Ahimsa: Do No Harm in Troubled Times

RoseAhimsa, the practice of doing no harm, is one of the most important and powerful  spiritual practices there is. In all great world spiritual traditions, there is the command to do no harm, to oneself or to others. When life is going well, it’s fairly easy to understand and to practice Ahimsa. It is not always easy to practice though. However when we are in the throes of despair, depression, or simply trying to survive a major crisis, it becomes much more difficult. That is when we most need to incorporate this practice into our daily lives.

What is Ahimsa? Ahimsa is one of the yamas of the path of yoga. The word, ahimsa, is derived from the Sanskrit word hims which means to strike. Ahimsa means to refrain from striking or harming. The practice itself of course refers to how we treat others and how we use our words, actions, thoughts, and intentions to build up or tear down those with whom we communicate or come into contact with. It begins, however, with how we treat ourselves, how we talk to ourselves, and how we tell others who we are. Something I find in my spiritual counseling practice is that often when a person is struggling with major life crises, trauma, or transitions, they revert to belittling or debasing themselves. Mentally or verbally programming themselves to fail, they throw up roadblocks in front of the path before them.

Why is Ahimsa important at times when we are at our lowest ebb? Generally, when we are faced with obstacles, conflicts, struggles, or the ongoing result of  the normal but difficult trials of life, we lose confidence. Shame takes over. Fear steps in. A sense of failure rises up from within. Where one day we felt in control and content, we suddenly find ourselves thrown for a loop. If only we could remember that the course of life is generally full of ruts and potholes and unexpected snags. We don’t though. We perpetually believe that ‘if only’ we behave or achieve or turn our backs or otherwise make some decision about a troubling situation, we’ll not have to deal with the energy that a relationship, a job, an unwanted condition, or unexpected shock stirs up. Ahimsa, the practice of paying attention to how we are talking to and about ourselves, our situations, and experiences, and the people with whom we are connected, requires that we slow down and reflect. Two things we have a lot of trouble doing in our world. Slowing our pace and reflecting on what we are creating with our words and thoughts are not practices that many of us are used to doing.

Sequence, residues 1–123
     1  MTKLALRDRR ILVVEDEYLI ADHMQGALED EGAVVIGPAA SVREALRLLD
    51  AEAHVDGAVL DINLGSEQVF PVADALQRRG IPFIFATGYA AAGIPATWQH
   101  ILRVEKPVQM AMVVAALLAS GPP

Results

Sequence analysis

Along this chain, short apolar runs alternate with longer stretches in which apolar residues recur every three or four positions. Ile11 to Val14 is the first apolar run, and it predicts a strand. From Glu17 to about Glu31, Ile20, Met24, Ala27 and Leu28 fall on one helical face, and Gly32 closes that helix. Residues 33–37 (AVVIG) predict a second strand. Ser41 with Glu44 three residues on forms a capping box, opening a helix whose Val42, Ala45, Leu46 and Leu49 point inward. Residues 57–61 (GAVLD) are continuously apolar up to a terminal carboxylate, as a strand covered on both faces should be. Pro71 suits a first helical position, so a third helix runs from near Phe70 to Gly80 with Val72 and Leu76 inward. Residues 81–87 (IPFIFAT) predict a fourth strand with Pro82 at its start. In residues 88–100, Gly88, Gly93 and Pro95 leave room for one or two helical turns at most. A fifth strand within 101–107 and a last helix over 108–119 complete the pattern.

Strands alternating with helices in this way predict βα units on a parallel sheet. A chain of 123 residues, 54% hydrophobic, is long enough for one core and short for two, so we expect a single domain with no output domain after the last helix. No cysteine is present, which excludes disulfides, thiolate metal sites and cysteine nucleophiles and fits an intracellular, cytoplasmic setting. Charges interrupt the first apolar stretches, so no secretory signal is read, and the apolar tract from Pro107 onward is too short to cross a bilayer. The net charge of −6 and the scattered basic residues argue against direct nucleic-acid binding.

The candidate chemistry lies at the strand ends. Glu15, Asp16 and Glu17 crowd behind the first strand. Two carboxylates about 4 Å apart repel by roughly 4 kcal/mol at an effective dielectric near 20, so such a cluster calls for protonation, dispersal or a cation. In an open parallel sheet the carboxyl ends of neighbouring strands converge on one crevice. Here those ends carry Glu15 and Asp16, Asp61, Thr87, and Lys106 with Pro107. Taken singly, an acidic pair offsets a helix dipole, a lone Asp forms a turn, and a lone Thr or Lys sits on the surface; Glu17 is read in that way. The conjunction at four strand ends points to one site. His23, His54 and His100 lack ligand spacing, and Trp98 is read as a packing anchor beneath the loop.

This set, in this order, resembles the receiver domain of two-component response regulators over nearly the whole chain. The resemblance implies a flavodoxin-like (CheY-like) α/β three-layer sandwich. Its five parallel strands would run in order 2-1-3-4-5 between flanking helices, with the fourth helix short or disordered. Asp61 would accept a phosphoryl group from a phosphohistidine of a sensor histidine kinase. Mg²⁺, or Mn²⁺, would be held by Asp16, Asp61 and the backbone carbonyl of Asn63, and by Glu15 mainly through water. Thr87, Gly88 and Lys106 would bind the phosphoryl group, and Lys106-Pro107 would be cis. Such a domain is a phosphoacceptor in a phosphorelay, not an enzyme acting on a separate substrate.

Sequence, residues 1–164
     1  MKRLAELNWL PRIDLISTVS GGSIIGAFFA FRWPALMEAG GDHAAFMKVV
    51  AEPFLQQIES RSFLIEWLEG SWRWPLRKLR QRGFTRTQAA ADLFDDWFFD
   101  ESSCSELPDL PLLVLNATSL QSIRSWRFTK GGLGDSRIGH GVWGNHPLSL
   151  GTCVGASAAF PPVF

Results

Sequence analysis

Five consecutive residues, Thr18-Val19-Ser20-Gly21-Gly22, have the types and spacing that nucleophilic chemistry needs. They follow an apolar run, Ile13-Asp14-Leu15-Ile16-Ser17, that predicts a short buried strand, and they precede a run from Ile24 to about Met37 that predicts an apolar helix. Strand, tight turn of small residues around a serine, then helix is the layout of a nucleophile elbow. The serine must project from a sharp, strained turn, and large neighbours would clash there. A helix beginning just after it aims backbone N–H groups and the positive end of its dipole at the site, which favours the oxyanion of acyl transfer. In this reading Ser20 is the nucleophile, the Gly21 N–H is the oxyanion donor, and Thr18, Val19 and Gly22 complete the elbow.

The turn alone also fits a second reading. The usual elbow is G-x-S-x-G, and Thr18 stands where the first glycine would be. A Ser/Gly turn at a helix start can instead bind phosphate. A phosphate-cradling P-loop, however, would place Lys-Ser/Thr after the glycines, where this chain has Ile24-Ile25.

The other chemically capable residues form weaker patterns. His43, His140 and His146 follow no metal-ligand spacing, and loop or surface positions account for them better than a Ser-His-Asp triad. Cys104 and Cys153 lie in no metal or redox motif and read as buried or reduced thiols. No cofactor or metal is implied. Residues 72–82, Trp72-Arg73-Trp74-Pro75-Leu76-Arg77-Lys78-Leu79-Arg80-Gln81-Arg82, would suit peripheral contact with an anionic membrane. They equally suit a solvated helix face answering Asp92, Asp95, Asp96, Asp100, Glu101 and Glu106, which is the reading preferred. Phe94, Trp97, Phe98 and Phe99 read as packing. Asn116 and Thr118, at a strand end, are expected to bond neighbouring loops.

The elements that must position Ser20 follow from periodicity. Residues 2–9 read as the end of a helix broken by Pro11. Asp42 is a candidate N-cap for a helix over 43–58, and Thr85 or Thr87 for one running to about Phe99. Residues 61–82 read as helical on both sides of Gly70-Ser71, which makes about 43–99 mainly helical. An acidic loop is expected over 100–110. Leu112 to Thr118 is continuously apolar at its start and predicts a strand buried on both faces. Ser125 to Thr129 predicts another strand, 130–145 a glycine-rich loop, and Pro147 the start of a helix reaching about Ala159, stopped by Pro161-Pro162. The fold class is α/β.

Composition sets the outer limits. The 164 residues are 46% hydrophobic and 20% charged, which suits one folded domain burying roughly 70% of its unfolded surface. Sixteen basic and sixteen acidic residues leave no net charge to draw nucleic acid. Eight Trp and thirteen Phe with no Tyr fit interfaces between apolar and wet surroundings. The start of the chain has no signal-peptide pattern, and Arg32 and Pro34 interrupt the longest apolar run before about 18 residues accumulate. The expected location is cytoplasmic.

Ahimsa is tool that anyone can use. It costs nothing, but some of your attention and time. Most of us are goal/task/time oriented with the priorities of our busy or stressful lives. Others who suffer great trauma are thrown into relying only on those inner resources as they struggle for survival and balance. Ahimsa, the art and act of doing no harm to ourselves and others, is crucial to everyone’s well being. Think back to a time, perhaps the most stressful time of your life. One of those big event moments. Perhaps it was an accident, a death, or a situation on a battlefield or an act of violence.  Pick something that you are far enough away from so as to allow some time for healing or adjusting. Remember if you will, how you responded to what was going on around you. What, if any, feelings took over? What was your perception at the time, and then what was your perception of the event after it was over? Spend a little time reflecting on how you made it through that experience and what remains of the energy connections to that time.

You survived. Perhaps you still feel the residual effects of the experience, perhaps you feel it’s all in the past. Whatever we experience stays with us in some form, so pretending it didn’t happen or doesn’t matter is not coping with the situation. At least not in the long run. Our bodies, our minds, and our spirit do numb us out sometimes to help us get through a particularly painful or frightening experience. Other times we become hyper-vigilant, reacting to anything that triggers a painful or frightening reminder. We all have different ways of coping. In the long run however, we are given the opportunity of being reminded of the pain, the experience, and the effects on our lives. We also can use Ahimsa to tune into the pain, fear, anxiety, or despair that may creep into or jolt us awake with its reminder.

How can we learn to use Ahimsa to cope with stress, traumatic scars, unhealed heartache, or other kinds of challenging and hurtful experiences? If you’re like me, when something strikes the chord of terror or fear in me, I get busy. I put my energy into doing something. I might stay up all night scrubbing old pots until they are shiny, or throw myself into my work or into helping others with their problems. It works for a while. But then it stops being the panacea, the saving grace that gets me through. There comes a time with chronic stress, unhealed trauma, and intergenerational patterns of pain and negative energy when I need to find a way to start getting to the root of the problems that initiated and perpetuated my current situation. If we are the sum total of all that has happened to us (and that carries through our family line), we can understand how my behavior is linked to something beyond my immediate situation.